Notification to godparents, friends and family may be by post, telephone call or email and will include mention of any party afterwards. Traditionally, formal invitations were not sent out for christenings or baptisms, but some parents do choose to send them. These are either pre-printed or bespoke cards; the style of the invitation should reflect the level of formality of the service and party.
Traditional Formal Invitations
John and Charlotte Debrett invite you to celebrate the christening of Thomas Edward at St Botolph’s Church, Hanbury on Sunday 8th November and afterwards at the Old Hall
David and Lucy
Pre-printed cards are available with spaces left blank for the guests’ names, the baby’s name, and the date, location and time of the christening, to be handwritten. The pre-printed wording usually reflects the sex of the child, for example ‘…request the pleasure of your company at the christening of their son…’.
Guests should reply to invitations promptly. The level of formality of the reply should reflect the style and tone of the invitation. If a very formal invitation is received, it is advisable to reply in the third person, as for a wedding invitation.
Parties after the service may include a lunch (possibly a buffet), or tea in the case of an afternoon ceremony. The party is usually fairly informal and not all that long, as the baby’s routine needs to be considered. It is best to have any party fairly near the church, whether it is in a hotel or similar venue, or a private house.
Drinks are served, most usually champagne and wine, as well as tea or coffee and soft drinks. Traditionally the top layer of the wedding cake was saved and re-iced to use as a christening cake. A godparent may toast the baby, but long speeches are unusual.
Parents will expect some people to bring presents, so it is sensible to have somewhere to put these, but not necessary to open them there and then. Thank-you letters should be sent promptly.
Guests may bring small children of their own or the baby may have siblings and cousins, so it is a good idea to have some help and to have organised suitable food and possibly a play area for them. It would be very unusual not to invite children; however parents bringing children must look after them properly.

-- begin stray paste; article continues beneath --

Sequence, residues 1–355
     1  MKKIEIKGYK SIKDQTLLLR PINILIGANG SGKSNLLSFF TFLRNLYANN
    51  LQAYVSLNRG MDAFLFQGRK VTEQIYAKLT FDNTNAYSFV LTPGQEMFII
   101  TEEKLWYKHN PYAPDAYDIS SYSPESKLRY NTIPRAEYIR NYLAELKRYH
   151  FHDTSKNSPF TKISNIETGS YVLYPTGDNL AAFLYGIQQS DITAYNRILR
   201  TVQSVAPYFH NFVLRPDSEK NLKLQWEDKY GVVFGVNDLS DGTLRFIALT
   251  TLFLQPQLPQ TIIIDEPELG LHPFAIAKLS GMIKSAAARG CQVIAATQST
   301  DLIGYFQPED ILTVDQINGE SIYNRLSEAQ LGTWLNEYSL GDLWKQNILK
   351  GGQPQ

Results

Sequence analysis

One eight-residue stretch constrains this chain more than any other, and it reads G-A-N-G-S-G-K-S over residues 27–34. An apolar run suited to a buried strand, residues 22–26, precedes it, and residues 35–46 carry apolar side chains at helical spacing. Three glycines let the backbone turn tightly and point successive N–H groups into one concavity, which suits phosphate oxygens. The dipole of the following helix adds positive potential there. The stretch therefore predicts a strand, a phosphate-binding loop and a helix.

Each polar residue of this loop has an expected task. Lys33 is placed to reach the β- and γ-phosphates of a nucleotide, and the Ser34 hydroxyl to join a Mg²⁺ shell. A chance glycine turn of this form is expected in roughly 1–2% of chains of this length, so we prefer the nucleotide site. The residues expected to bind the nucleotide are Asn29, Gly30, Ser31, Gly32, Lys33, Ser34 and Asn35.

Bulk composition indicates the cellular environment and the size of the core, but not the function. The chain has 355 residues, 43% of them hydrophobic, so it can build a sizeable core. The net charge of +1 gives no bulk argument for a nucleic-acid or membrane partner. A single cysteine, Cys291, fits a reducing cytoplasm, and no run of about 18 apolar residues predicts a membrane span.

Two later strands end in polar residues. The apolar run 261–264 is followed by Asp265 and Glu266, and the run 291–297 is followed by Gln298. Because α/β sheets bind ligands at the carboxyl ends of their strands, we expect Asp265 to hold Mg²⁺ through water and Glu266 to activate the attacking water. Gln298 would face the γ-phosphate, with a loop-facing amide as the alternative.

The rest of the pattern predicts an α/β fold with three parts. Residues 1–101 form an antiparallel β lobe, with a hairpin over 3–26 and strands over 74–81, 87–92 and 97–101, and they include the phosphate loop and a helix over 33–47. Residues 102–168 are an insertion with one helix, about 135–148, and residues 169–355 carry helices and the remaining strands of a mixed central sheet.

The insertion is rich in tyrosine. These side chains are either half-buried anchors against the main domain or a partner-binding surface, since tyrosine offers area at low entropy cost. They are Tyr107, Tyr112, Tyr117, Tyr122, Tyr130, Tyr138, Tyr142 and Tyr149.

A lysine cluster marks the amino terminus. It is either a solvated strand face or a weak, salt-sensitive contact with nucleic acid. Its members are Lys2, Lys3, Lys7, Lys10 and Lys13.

Large parties for christenings are unusual. The essential guests are the godparents, grandparents, the parents’ siblings, and perhaps the godparents of the baby’s siblings and the closest family friends. Cousins will not always be included, nor will neighbours or friends, even very close friends. Godparents are usually accompanied by a spouse or partner.
Parents may need to work the date round the most important guests. If only the actual godparent can come and the spouse is away then the godparent should come alone. If a godparent is unable to come, then another close friend or family member may stand in for them – for practical reasons – during the service.
It is essential to invite the clergyman and spouse to any party or reception. Busy parish priests may not be able to come and parents must allow for this.
Photographs in church should always be non-invasive and cleared beforehand with the vicar or priest. Photographs at the party should be organised efficiently for the sake of the baby. Godparents may want to be photographed holding the baby but it is unwise to force this.
It is correct to dress smartly, with men in suits, or a country jacket and tie, and women in dresses and jackets but not necessarily hats (although it is not wrong to wear one). It is no longer necessary for women to cover their heads in Catholic churches though some may choose to do so. Men should remove hats. Children should be dressed smartly.
The baby may wear a traditional christening robe, which may be a family heirloom, but these may not always fit larger babies. White is traditional and a dress and shawl look best – there are specialist companies that make modern versions.